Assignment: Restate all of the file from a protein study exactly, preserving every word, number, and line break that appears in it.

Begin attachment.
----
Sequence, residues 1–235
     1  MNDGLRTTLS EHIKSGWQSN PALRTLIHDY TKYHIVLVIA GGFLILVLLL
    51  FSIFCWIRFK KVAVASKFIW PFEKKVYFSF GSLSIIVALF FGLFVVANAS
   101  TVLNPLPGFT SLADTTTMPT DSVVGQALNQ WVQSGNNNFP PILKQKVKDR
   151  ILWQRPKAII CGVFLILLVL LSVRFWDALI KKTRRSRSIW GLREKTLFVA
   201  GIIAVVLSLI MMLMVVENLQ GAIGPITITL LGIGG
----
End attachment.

Sequence, residues 1–235
     1  MNDGLRTTLS EHIKSGWQSN PALRTLIHDY TKYHIVLVIA GGFLILVLLL
    51  FSIFCWIRFK KVAVASKFIW PFEKKVYFSF GSLSIIVALF FGLFVVANAS
   101  TVLNPLPGFT SLADTTTMPT DSVVGQALNQ WVQSGNNNFP PILKQKVKDR
   151  ILWQRPKAII CGVFLILLVL LSVRFWDALI KKTRRSRSIW GLREKTLFVA
   201  GIIAVVLSLI MMLMVVENLQ GAIGPITITL LGIGG